Ministers want children to train as counsellors. Leala Padmanabhan reports
CHILDREN are being encouraged to act as Samaritans to combat bullying in schools.
Government guidance, to be issued next month, will recommend that pupils should be trained in professional counselling techniques to help their peers.
A third of girls and a quarter of boys are afraid of going to school because they are victims of bullies, according to the Department for Education and Employment.
It is thought that children are more likely to talk to other pupils about their problems than to teachers or parents.
Peter Smith, psychology professor at the University of London and government adviser on bullying, said: "Most children are aware of bullying and don't like it. Peer support helps by involving the silent majority who are normally bystanders."
Education Secretary David Blunkett wants to expand schemes which are already used in many local authorities.
North Lincolnshire council runs projects in six schools. The counsellors are chosen from a number of applicants and screened for suitability.
They have 10 weeks of out-of-school training with a professional counsellor. They are taught listening techniques and given advice on referring problems to education or social services.
Judy Franklin, anti-bullying co-ordinator at Frederick Gough secondary school in Scunthorpe, said: "Bullying goes on everywhere and the peer-support scheme is part of a whole-school policy to deal with it. What counsellors discuss in the sessions is completely confidential."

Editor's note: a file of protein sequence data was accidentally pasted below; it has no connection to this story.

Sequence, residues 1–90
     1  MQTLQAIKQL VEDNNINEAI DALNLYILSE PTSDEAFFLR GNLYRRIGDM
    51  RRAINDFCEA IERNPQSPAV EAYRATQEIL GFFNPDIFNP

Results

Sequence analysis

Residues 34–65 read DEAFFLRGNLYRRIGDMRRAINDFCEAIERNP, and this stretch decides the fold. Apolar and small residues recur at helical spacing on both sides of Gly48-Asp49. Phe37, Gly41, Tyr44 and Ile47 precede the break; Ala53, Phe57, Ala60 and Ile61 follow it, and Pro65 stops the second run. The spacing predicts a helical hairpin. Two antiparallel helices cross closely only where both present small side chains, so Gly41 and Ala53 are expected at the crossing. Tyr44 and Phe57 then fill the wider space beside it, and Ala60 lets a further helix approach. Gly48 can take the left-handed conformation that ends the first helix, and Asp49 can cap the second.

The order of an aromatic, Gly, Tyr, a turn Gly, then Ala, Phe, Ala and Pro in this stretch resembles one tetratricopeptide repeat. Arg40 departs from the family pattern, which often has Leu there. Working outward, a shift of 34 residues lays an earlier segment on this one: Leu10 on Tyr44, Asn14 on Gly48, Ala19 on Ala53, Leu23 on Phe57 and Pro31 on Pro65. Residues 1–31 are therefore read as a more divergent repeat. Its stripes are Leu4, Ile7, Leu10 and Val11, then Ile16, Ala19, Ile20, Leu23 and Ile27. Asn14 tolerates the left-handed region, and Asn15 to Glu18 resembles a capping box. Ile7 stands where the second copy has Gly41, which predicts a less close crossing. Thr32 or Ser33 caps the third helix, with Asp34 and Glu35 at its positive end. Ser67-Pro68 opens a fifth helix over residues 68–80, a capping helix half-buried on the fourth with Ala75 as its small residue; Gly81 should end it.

Bullying is parents' biggest worry about their children's education, according to a survey released this week by the charity Parentline Plus.
More than half of the 400 parents who called its national help-line were concered their children were being victimised.
The Government is under pressure to tackle bullying to avoid a flood of claims from victims using the new Human Rights Act.
Only this week, a couple who say bullies drove their daughter to attempt suicide began suing school governors for damages. Ian and Sharon Jardine from Cambridgeshire, claim their 13-year-old daughter Danielle took an overdose after being tormented by a gang of pupils at St Clement high school, near Kings Lynn, Norfolk. 'WE HELP THEM FEEL LESS LONELY ...'
MARIE McDonagh, 14, peer counsellor at Frederick Gough school, Scunthorpe, says: "They come and see me because they know I can relate to their problems.
"Confidentiality was one of the main things we learned in training. We're told not to talk to our friends or family about the sessions. I've fallen out with friends because they were curious about it and I wouldn't tell them anything.
"I was surprised by how cruel bullies can be. Children who've come to talk to me have been in tears because of name-calling, swearing and abuse and they don't know who to turn to.
"They're frightened to go to teachers in case they 'have
words' with the bully and make things worse.
"We're like the Samaritans. We're taught to listen and give pointers to help the children, without actually telling them what to do.
"We can't confront the bullies or report them to teachers but we help the victims feel more confident and less lonely.
"We had really good training which has given me skills which I can use in my career. If something really serious comes up, like problems at home, we know how to pass it on.
"I've never been a bully but, like everyone, I was involved in petty fights when I was younger. Now I know just how upsetting it can be."